By Teresa Morse

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A fledgling fell from the steep
elm branches last night, never learning
to fly. We crept over dew, thinking it asleep,
and learned the truth.

Hallmark strangeness
of childhood, finding things can die.
Like learning our parents had names,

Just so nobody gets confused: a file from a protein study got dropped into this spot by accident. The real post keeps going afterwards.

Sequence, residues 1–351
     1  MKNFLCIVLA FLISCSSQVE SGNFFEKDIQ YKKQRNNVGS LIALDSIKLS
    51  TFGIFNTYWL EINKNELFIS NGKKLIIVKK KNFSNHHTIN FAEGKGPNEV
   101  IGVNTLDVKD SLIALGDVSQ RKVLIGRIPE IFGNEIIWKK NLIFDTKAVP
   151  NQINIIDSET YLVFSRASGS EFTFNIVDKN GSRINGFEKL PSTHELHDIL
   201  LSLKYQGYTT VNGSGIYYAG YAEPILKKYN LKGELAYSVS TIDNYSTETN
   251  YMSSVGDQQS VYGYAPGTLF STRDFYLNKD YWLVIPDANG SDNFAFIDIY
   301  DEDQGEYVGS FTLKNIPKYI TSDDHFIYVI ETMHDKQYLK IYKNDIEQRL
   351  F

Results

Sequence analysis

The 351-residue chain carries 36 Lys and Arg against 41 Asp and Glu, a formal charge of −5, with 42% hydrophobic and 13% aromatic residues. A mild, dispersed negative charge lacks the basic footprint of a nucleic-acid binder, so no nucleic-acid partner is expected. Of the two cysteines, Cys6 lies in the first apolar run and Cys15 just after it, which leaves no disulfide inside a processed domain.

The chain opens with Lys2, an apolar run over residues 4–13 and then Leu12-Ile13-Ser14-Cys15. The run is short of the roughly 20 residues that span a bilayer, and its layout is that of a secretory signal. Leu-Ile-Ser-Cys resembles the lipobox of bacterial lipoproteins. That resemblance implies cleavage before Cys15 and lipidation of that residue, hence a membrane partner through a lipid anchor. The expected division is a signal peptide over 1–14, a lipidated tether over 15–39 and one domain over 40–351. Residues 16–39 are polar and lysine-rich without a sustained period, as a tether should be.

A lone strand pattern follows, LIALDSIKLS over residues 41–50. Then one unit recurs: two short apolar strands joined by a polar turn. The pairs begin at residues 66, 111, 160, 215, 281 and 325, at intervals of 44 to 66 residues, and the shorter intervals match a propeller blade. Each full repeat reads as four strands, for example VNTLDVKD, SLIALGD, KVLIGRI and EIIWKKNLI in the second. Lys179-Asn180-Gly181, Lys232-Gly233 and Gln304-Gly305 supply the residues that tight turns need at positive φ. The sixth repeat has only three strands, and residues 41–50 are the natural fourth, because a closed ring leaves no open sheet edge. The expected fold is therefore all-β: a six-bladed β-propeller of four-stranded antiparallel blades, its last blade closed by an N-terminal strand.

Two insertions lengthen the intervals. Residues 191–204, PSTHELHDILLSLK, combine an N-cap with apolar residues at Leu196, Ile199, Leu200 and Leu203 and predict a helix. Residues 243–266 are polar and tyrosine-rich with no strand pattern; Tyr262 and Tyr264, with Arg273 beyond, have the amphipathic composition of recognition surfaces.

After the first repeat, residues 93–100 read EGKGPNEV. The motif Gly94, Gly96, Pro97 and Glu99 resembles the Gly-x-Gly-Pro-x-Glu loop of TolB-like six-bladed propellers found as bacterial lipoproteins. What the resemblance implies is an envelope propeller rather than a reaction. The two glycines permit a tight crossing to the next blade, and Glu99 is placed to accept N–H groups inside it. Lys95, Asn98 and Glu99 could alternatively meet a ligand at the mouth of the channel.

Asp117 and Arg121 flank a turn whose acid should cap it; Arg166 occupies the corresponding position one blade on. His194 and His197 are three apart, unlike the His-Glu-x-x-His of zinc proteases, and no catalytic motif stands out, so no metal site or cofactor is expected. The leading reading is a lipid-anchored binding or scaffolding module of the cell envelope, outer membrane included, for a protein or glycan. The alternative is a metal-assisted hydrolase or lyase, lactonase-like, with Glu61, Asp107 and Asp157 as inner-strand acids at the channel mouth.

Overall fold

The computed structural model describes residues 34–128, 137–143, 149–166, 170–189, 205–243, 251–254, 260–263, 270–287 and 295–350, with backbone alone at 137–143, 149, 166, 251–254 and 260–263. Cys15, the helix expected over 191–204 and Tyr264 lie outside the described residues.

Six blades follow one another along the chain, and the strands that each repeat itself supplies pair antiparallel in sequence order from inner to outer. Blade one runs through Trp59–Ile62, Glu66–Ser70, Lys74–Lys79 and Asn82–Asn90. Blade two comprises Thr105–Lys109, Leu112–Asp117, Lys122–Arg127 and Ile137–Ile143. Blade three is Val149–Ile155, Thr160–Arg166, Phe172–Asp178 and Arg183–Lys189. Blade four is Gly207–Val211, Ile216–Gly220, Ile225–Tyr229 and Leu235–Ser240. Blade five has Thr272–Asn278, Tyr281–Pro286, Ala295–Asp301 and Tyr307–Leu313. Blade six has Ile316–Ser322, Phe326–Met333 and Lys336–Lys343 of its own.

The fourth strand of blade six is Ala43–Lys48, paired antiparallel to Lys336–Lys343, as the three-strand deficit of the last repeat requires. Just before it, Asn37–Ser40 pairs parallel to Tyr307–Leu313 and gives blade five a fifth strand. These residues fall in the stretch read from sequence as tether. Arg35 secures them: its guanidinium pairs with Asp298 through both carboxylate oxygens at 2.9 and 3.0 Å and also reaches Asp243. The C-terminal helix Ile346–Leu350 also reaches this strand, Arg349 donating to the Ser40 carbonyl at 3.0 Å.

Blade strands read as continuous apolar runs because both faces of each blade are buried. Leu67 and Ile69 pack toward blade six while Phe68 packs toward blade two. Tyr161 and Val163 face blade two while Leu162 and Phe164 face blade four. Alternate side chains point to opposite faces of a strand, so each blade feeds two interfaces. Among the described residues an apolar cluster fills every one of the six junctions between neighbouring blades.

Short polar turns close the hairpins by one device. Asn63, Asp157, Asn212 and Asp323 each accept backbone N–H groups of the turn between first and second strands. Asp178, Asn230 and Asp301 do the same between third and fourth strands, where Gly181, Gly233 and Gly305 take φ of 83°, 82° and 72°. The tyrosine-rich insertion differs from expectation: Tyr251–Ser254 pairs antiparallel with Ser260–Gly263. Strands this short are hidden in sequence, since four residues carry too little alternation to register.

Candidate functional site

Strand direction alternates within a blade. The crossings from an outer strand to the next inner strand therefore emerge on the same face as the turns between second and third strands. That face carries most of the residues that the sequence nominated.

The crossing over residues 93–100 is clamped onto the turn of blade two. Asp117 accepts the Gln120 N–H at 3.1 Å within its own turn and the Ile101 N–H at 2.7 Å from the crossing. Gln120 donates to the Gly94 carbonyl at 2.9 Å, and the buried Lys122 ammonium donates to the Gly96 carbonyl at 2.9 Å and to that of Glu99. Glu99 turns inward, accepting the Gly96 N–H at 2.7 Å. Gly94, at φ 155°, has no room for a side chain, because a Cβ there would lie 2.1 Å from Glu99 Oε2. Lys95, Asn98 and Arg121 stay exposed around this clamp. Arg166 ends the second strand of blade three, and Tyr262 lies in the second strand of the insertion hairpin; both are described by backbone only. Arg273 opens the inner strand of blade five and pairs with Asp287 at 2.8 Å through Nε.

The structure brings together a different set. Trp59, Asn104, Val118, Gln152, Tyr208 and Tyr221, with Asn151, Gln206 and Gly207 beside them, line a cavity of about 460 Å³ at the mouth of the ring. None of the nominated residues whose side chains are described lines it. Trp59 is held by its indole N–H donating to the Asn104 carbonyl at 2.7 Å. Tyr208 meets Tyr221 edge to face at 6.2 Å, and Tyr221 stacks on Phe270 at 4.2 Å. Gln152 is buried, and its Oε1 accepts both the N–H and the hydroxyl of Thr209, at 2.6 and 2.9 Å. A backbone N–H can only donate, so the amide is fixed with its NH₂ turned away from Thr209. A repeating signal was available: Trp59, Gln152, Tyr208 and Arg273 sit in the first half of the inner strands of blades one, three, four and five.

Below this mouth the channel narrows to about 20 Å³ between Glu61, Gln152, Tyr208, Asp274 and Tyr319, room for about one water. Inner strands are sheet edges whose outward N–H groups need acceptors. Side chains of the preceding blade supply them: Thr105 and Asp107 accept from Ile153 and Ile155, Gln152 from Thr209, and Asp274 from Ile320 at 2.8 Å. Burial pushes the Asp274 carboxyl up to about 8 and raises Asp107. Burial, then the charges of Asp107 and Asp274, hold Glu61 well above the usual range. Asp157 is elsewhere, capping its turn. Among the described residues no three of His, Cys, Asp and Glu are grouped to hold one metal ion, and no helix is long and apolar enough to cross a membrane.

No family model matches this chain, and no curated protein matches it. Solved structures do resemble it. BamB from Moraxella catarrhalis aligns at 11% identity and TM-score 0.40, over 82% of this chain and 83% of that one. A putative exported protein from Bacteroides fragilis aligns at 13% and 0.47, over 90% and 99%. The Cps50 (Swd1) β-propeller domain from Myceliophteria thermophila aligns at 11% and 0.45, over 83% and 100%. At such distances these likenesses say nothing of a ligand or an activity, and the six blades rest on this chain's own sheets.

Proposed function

it tumbled us out of ourselves
into an expanding world
where the metallic twist of pennies
on tongues echoed
in blood.

Life released slowly to us, unfolding
its creases—a map of courtesies
letting us stay small and close.
But it rushed
when we lifted feathers
limp and cold, light,
and folded death in a box
atop a broken nest.

If life came all at once,
we could never learn to breathe,
to speak. Never learn bird and flight and tree,
fall or death or broken,
never blink
or become ourselves.

Teresa Morse